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Fighting obesity epidemic trickier than it seems

By Dawn Brazell
Public Relations
Weight gain can be clever.

Tonya Turner, a registered dietitian with MUSC’s Weight Management Center, likes to mix berries into her protein shakes for a quick, nutritious addition to her diet. For more information on the programs at WMC or how to get a nutritional consult, call 792-2273 or visit For her shake recipe, visit

A pound or two gained each year during the holidays that never get shed. Not getting enough sleep. A virus. All these are factors that research is showing can be culprits in the creeping obesity epidemic in the nation.

Patrick M. O’Neil, Ph.D., director of MUSC’s Weight Management Center, hopes the New Year will bring more awareness about the causes and effects of obesity and that MUSC staff and employees will take steps to adopt healthier lifestyles and become more vocal advocates for legislative change. There needs to be a push to get more comprehensive insurance coverage for weight-loss programs, especially given the costly impact of obesity-related diseases, he said.

With as much as is known now about the complex causes of obesity, the condition shouldn’t be depicted as a moral issue or character flaw. There are some state legislators who would like to add an insurance surcharge to state employees with a higher BMI (body mass index), but that is an issue on which medical professionals should take a strong stand, he said.
“It’s a slippery slope because if you do that, then you could take people who might have some combination of dietary and genetic factors that predispose them to breast cancer or something else and what are we going to do with them? I think it’s inappropriate, and it’s misplaced.”

It also puts the state health plan in the position of penalizing patients for having a condition where the prevention and treatment methods are not covered by the plan, he said. Most people don’t realize how even a small loss in weight can positively influence general wellness.

“We see improvements in the various health problems associated with obesity —elevated blood sugar, triglycerides, cholesterol and so on—among people who come through our Focus program where the average weight loss is about 10 percent.”

O’Neil said one of the difficulties with dealing with obesity from a policy standpoint is the condition’s complexity. Obesity is a result of a collision of factors including genes, environment and personal behavior, he said.

“We have an environment today that is much more fattening than the world  people lived in 50 years ago. We have much more readily available high-calorie and sometimes high-fat items everywhere. Portion sizes have increased greatly. People are bombarded with food stimulus and inducements to consume high-calorie products. We also live in an environment that requires, on average, much less physical activity than was the case a couple of decades ago.”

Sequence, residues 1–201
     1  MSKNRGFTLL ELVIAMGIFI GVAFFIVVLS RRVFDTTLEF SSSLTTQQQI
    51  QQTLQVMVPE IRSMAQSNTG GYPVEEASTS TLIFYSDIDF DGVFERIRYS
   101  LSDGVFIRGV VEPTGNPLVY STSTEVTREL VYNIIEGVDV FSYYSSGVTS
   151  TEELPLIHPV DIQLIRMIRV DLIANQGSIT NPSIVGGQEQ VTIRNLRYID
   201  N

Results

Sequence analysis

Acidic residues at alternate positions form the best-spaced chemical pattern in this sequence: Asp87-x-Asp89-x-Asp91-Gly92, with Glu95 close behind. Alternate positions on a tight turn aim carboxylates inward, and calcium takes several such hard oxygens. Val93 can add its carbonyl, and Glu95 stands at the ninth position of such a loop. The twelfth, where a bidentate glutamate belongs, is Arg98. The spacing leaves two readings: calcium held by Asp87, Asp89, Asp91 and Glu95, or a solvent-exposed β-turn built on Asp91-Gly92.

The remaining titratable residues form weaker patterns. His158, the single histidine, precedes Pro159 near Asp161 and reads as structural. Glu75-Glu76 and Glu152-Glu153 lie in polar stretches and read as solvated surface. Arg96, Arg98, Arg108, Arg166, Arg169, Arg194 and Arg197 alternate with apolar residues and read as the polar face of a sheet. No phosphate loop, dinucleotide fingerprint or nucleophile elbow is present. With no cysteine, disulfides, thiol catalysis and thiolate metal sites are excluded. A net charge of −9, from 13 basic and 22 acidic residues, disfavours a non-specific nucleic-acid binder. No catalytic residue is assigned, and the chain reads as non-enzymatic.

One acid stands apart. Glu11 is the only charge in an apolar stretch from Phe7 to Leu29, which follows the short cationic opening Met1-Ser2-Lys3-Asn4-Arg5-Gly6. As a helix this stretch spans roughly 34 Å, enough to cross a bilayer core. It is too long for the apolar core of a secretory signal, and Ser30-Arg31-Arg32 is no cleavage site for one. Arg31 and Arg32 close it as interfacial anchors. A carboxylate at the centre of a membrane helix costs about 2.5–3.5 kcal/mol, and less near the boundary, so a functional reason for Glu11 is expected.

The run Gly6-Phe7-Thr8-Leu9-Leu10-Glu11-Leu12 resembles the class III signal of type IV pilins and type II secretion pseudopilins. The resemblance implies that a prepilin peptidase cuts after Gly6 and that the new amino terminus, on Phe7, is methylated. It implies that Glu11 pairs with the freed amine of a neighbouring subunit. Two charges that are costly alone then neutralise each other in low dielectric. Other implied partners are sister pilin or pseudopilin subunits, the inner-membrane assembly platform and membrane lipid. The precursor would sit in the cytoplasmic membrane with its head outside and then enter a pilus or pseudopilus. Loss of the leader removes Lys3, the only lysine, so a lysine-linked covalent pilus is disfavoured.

O’Neil said obviously people have to control what they eat and drink and how active they are.

“But let’s be realistic how much harder it is if we’re living in an environment that triggers a lot of innate tendencies that have been important to the survival of the species. It makes it difficult for a person to make healthier choices.”

There also are genetic factors at work that scientists are only recently beginning to identify, showing that it’s harder for some to manage their weight than others.  

“People differ in their responsiveness to food cues. I think there’s an inadequate appreciation of those differences. A nonsmoker doesn’t know what it’s like to have a smoker’s brain and how it feels to that smoker when they have that first hit of nicotine. I don’t think it’s reasonable to assume that the way I react to a taste of chocolate is the way you respond.”

Other differences show up with exercise.

There’s a combination of genetic factors that affect people’s response to exercise, said O’Neil, citing a recent Pennington Biomedical Research Center study.  Participants were placed on the same fitness training regimen for a 20-week program done three times a week at set intensities monitored by trainers with measurement taken of maximum oxygen intake (VO2 max).

“It wasn’t that some were more compliant than others, but they had varying fitness gains, and people with certain genetic variants showed very little improvement.”

Given the stigma attached to obesity and the resulting discrimination, O’Neil hopes all the new obesity research will raise awareness and encourage more treatment and support for obese patients.

“We’re really just starting to develop an appreciation that it really is harder for some people to manage their weight at a healthy level than it is for other people. There certainly is an element of the management of obesity that requires participation and cooperation of the patient, but that is not saying that obesity is the fault of the patient.”

The change in attitude requires more education of the public and being open to other possibilities, he said.

“It’s much more complicated than we know. There’s actually a virus that’s been identified that’s associated with obesity. We’re never going to find out that it’s not important for people to be active and vigilant about their weight, but I think we are finding out that there’s more to the story than simply pushing back from the table.”

Friday, Jan. 14, 2011

The Catalyst Online is published weekly by the MUSC Office of Public Relations for the faculty, employees and students of the Medical University of South Carolina. The Catalyst Online editor, Kim Draughn, can be reached at 792-4107 or by email, Editorial copy can be submitted to The Catalyst Online and to The Catalyst in print by fax, 792-6723, or by email to To place an ad in The Catalyst hardcopy, call Island Publications at 849-1778, ext. 201.